Irish farms take part in quinoa trials

“Meals were simpler in days past. We didn’t know what ‘quinoa’ was,” wrote well known journalist, Mary Kenny, recently.

However, as the ‘meat and two veg’ approach is disappearing in many kitchens, quinoa – pronounced ‘keen wah’ – is making its way onto consumer shopping lists.

As demand increases for more vegetarian and gluten-free options, quinoa is being grown on a number of Irish farms on a trial basis for Glanbia.

The United Nations declared 2013 the ‘International year of quinoa.’ It’s considered a super food because of its finely balanced amino acid profile.

For David Walsh-Kemmis, in Stradbally, Co Laois, this is the second year of growing the crop.

Quinoa is native to South America, but grows very well here and seems to like the light, sandy fields that we have on our farm.

“We sowed it in mid-April. Once the soils have really dried up after the winter, apart from fertiliser and some micronutrients, there are no further inputs,” he said.

“This is partly because no chemicals are approved for use on it, but also because it doesn’t really need anything. If it establishes well, it out-competes any weeds and doesn’t seem to suffer from any diseases or pests,” Walsh-Kemmis said.

“It is harvested in late August or late September – we have two varieties; an early and a late – with a conventional combine – and it yielded very well last year.”

The Glanbia Connect newsletter describes quinoa as a ‘pseudocereal’ grain crop, grown primarily for its edible seeds.

While quinoa production and consumption had been traditionally limited to South America, its popularity has soared in the western world because of its nutritional value, particularly for those on vegetarian, vegan and gluten-free diets, Glanbia said.

Peru and Bolivia have been, Glanbia said, the world’s largest producers and exporters of quinoa. However, concerns have been raised about traceability in their production systems.

Testing potential

After consultation with potential customers, the Glanbia supply chain formed an ancient grains team in 2015. It decided to initiate Ireland’s first field-scale quinoa production trial.

While traditional quinoa varieties are not adapted to the European climate, crop breeding programmes in the Netherlands have developed modern varieties, designed to grow in western Europe, Glanbia said.

Following extensive research and consultation with The British Quinoa Company, seed was sourced and a 6ha field-scale trial planted on the outskirts of Carlow in April 2015.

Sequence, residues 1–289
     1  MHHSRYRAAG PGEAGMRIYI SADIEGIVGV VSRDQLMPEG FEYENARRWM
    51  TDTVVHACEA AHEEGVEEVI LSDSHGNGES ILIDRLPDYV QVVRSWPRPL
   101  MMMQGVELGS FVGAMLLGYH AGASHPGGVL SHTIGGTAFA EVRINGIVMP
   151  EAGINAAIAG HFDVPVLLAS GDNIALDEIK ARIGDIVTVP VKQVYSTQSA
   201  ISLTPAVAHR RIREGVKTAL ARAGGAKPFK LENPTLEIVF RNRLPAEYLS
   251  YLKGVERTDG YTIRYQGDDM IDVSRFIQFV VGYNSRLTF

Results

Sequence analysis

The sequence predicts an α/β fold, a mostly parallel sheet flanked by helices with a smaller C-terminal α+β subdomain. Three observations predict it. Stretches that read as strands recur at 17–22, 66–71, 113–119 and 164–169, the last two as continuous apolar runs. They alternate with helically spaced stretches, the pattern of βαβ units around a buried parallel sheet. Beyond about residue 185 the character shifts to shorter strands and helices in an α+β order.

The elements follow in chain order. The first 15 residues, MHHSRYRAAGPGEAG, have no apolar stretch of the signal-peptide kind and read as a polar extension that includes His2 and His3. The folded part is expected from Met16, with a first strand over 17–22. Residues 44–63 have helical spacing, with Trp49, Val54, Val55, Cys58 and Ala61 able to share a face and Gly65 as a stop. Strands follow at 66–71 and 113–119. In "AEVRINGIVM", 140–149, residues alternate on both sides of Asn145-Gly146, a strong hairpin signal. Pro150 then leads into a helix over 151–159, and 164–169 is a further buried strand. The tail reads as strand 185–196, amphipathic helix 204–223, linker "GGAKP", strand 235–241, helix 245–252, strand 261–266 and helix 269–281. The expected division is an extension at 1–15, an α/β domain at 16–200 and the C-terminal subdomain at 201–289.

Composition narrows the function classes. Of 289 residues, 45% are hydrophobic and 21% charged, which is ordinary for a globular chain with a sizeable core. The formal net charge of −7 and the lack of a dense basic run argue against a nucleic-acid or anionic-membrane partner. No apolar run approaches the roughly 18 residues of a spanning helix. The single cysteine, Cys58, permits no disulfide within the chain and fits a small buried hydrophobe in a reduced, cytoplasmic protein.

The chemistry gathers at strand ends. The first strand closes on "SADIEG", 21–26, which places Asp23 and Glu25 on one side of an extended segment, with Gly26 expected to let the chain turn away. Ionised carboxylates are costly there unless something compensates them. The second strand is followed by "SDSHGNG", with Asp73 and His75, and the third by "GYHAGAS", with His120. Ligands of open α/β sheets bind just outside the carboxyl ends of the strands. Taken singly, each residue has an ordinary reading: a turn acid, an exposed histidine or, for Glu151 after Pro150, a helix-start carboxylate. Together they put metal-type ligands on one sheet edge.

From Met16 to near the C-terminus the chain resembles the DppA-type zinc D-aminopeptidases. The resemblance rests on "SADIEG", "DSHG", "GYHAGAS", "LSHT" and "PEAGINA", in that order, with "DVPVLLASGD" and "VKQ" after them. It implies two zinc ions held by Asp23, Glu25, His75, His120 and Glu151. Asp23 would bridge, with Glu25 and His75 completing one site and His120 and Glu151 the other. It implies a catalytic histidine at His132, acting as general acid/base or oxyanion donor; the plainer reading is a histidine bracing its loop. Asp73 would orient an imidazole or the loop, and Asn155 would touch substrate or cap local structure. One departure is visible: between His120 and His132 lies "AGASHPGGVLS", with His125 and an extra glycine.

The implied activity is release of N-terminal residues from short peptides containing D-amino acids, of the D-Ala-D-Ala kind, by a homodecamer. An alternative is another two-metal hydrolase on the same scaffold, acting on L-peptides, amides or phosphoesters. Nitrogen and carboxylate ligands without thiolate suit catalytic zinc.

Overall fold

The trial contained two varieties – a standard European variety ‘Atlas’ and an early maturing European variety ‘Jessie’.

The proliferation of a number of problematic weeds in certain areas of the sandy loam site provided competition for the quinoa plants during early growth stages, slowing crop development.

There were also concerns that growth rates and seed quality might suffer because of Ireland’s higher rainfall levels. However, ‘Jessie’ and ‘Atlas’ were successfully harvested in late August and September, respectively, with satisfactory yields on both sites.

Expanded trials

Encouraged by the positive results in 2015, the ancient grains team agreed that multi-site trials were necessary in 2016 to determine the effects of seasonal and soil variations on crop performance.

An 8ha clay loam site was selected on the Kildare/Carlow border and Walsh-Kemmis’ 7.5ha sandy loam site near Stradbally was also chosen. Both ‘Atlas’ and ‘Jessie’ varieties were planted on the two sites.

Glanbia found that crop establishment was challenging on the clay loam site as a result of reduced soil seed contact, which resulted in sub-optimum plant population in certain areas of the field.

Following the results of the 2016 trials, the inherent soil type and weed pressure at both sites will be assessed in greater detail in future potential sites, Glanbia said.

The ancient grains trail team has embarked on a third phase this year. Glanbia said that the aims of the 2017 trials were to provide further information on the interactions between variety, soil type and weather patterns, and their effects on quinoa performance.

Results from the first two seasons have been encouraging, according to Glanbia. With continued success, commercial quinoa production may eventually start, with the aim of providing the Glanbia oat mill with a new native grain to include in its gluten-free range, the organisation said.

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